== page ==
Philosophy major leaves legacy of opportunity for undergrads
Editor’s note: This is part of a series of profiles for spring 2019 commencement.
It’s not every day a superstar in your field of study chauffeurs you across campus but that’s exactly what happened when internationally recognized linguist and philosopher Noam Chomsky’s GPS led him to the wrong end of Arizona State University’s Tempe campus.
Luckily, graduating senior Nathanael Pierce was happy to hop in the back seat and guide Chomsky to the University Club, where he delivered the keynote address at ASU’s inaugural Undergraduate Philosophy Conference.
As president of the Undergraduate Philosophy Club, Pierce helped secure Chomsky’s participation.
“It was a little surreal,” Pierce said. “But we thought it’s just so audacious of us to ask, it might just work.”
So he composed an email to Chomsky, who responded the next day in the affirmative.
The impetus for the creation of the conference came in part from Pierce’s own experiences at other undergraduate conferences around the country, including the Southern Appalachian Undergraduate Philosophy Conference at the University of North Carolina Asheville and the Steven Humphrey Undergraduate Philosophy Colloquium at the University of Louisville.
A history and philosophy double major, Pierce is an ardent proponent of involvement in academic pursuits beyond the minimum requirements and wanted to bring that opportunity to students at ASU.
“We were motivated to contribute something that's kind of lacking in Arizona,” Pierce explained. “These conferences are great ways for undergraduate students to get motivated, be exposed to new ideas and make connections that will last a lifetime and help advance their careers.”
Question: What was your “aha” moment, when you realized you wanted to study the field you majored in?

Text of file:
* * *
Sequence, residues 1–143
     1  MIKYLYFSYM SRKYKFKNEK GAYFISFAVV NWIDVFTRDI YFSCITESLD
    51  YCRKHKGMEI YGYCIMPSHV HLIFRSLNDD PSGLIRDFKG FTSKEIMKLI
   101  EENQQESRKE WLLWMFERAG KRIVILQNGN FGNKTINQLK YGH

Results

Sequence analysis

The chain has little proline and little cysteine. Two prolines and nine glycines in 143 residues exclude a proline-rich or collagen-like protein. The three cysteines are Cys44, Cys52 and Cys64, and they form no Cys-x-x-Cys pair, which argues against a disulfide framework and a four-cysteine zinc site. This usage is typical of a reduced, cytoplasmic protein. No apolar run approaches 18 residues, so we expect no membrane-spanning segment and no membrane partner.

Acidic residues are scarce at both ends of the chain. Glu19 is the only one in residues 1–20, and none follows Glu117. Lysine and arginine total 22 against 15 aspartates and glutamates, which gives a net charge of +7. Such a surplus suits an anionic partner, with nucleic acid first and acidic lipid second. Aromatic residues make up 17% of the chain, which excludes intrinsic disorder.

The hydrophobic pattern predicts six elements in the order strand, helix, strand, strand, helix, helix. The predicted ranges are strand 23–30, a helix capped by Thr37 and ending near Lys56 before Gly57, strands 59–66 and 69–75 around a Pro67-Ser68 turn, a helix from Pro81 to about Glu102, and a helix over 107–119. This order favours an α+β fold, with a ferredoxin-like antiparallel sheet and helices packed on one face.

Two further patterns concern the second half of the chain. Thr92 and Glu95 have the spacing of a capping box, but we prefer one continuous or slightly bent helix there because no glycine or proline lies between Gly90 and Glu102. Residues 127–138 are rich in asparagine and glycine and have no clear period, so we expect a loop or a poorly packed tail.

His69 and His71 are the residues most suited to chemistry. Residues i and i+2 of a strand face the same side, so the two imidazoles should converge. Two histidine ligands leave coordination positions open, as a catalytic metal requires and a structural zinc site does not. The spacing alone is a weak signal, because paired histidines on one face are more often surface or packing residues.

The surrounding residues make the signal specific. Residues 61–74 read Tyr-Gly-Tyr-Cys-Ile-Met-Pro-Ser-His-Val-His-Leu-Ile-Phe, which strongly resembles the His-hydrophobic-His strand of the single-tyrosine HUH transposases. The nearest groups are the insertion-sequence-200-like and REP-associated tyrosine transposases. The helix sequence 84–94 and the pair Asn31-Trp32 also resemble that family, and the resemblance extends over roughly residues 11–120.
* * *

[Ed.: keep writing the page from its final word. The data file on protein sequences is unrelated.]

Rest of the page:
Answer: The summer going into ASU, I went to Norway and I volunteered at a hostel at the base of Skjolden, which is (on) Norway's largest fjord. There was a guy there who ran the hostel who was a philosophy professor from Colorado. So it was during that summer in the fjord where I got exposed to a lot of different questions and different people and I realized how relevant philosophy was. Then, my first semester at ASU, I was an engineering student. Hated it. It just was not me. My strongest classes were the ones like The Human Event, where you read and you write. So I decided to follow my strengths and switched over to philosophy.
Q: What’s something you learned while at ASU — in the classroom or otherwise — that surprised you, that changed your perspective?
A: I think I surprised myself with how far I can push myself to succeed. Going into ASU, I always struggled with self-doubt. But what I learned most here is that if I just keep pushing, if I “embrace the suck,” as one of my friends says, then I can really succeed and do well. I've grown in knowing how to dialogue with others about different things. These days, at least online and in the newspapers, things are really charged, and people don't know how to talk to one another very well. At ASU, the philosophy faculty have really taught me what it’s like to carry on a debate, what it’s like to unpack an idea, an idea that's not yours, and not to assume the worst in other people just because they think differently from you. Something else I've learned here is just the value of community, and that nothing is done by yourself. Except for your papers.